Friday, November 11, 2005

A Parallel Commons

My first and arguably most personally surprising encounter with the Bolivarian Revolution was at the Ministry for Popular Participation, which was created in accord, I was told, with Chavez's desire "that the people should take power."

I asked the officials we interviewed, "What does that mean, that the people should take power?" After noting thousands of years of "empires obstructing people from participating in politics," all culminating in "the North American empire," the official said the "U.S. has had 200 years of representative government, but in your system people turn over control to others." Instead, in Venezuela, "we humbly are proposing a system where people hold power in a participatory and protagonist democracy. We want a new kind of democracy to attain a new kind of society."

On the wall was a diagram of their aims. It had lots of little circles, then other larger ones in another layer, and so on. The idea, they said, "was to establish numerous local grassroots assemblies or councils of citizens where people could directly express themselves." These local councils would be the foundational components of "a new system of participatory democracy."

The bottom layer of the vision focuses on communities with "common habits and customs," the officials said. "We define them as comprising 200 to 400 families, or 1000 to 2000 people each." One could of course imagine sub units within each local unit, as well, but that wasn't immediately on their agenda, nor was it in their diagram. The local units would in turn send "elected spokespersons" to units another layer up. Units in this second layer would "encompass a broader geographic region," and then from there, "spokespeople would be elected to another layer, and so on," creating a network covering "parishes, municipalities, states, and the whole society."

The participation officials, explaining their diagram and their goal, said the smallest units were meant to become "the decision-making core of the new Venezuelan polity." Chavez and this ministry hoped to have, they said, "3,000 local assemblies in place by the new year." Their goal was to have "enough in place, throughout the country, in 4 or 5 years, to account for 26 million Venezuelans."...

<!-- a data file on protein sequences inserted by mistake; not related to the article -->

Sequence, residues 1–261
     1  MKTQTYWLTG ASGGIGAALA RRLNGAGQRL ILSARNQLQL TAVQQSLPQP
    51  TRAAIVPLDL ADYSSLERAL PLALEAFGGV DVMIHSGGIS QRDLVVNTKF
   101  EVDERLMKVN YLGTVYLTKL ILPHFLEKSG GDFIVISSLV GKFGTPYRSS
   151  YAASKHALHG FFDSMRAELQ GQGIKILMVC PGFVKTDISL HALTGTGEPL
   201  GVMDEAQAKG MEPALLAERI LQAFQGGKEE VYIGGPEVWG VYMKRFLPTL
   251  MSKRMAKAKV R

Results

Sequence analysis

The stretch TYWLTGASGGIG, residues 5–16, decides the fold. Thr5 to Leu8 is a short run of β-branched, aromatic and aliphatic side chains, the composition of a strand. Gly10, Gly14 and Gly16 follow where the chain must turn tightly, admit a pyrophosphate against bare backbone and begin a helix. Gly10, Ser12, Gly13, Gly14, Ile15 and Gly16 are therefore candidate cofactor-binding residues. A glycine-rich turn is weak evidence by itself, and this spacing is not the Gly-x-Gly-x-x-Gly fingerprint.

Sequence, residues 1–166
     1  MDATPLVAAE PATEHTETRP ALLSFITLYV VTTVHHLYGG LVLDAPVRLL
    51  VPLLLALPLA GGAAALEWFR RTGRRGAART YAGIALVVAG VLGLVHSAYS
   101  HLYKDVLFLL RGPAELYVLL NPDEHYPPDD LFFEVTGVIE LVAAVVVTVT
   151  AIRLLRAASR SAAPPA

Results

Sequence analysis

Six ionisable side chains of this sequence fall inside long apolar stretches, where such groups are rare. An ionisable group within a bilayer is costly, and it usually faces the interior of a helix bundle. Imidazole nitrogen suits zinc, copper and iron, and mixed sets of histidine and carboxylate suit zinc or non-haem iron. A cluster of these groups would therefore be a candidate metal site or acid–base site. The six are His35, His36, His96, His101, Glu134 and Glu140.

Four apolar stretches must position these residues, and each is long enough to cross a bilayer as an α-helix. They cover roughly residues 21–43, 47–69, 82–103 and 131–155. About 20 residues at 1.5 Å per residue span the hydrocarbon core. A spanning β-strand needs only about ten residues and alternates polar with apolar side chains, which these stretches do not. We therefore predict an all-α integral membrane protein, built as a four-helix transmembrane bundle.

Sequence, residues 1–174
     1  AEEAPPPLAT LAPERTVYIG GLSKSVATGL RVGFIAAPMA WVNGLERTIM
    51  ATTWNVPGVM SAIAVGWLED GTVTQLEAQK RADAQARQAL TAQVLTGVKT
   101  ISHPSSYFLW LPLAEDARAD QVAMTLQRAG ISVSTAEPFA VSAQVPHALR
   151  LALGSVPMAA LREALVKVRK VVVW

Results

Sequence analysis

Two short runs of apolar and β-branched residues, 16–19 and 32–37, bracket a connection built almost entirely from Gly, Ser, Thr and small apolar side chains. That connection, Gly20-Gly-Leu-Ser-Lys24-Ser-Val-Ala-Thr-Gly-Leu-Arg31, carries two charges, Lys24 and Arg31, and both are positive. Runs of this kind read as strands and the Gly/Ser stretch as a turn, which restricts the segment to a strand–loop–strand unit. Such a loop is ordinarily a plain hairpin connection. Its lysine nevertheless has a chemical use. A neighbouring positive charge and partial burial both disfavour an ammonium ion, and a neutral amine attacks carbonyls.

...These Bolivarians, entrusted by Chavez's administration with building a new, parallel polity, didn't want any more representative decision making than absolutely necessary. They wanted the proposal from one assembly to go up not so that it could be decided by representatives, but so that it could be discussed by spokespeople and then be brought back to other local assemblies by their spokespeople, eventually to all of them, to be decided at large. "If support came," I was told, "then the goal is that it would yield a new voting age, whether Chavez or mayors or the legislature or anyone else wanted the change or not."

I said surely there must be many elected or just appointed mayors, governors, or bureaucrats who would obstruct this vision, not wanting their power reduced or that of the populace increased. Yes, I was told, "many bureaucrats have held positions for twenty or thirty years and about sixty percent of them are putting breaks on the proposal."

"Even among ministers in the Chavez administration," I asked, "do some resent that they would go from having power to just obeying the public? Cuba's poder popular began with many of the ideals you express," I noted, "but never got to the point where the national power was participatory. Do you believe that the Chavez government will help the assembly system reach its full development, or that after awhile the assembly system will have to push against the government to get full power?"

The answer was "only the organized population can decide. We are on a path to invent a new democracy. We have gone forward from what we had before. There are no guarantees, but we are trying to go further." There was no need, however, the officials said, to remove or otherwise forcefully conflict with the old structures. Rather, the new system would be built alongside what now exists and would prove its worth over time, in parallel. Many in the old would come around, others wouldn't. But either way, in time the old forms would be replaced by the impressive reality of the new forms' success, not by fiat or by force.
- Michael Albert

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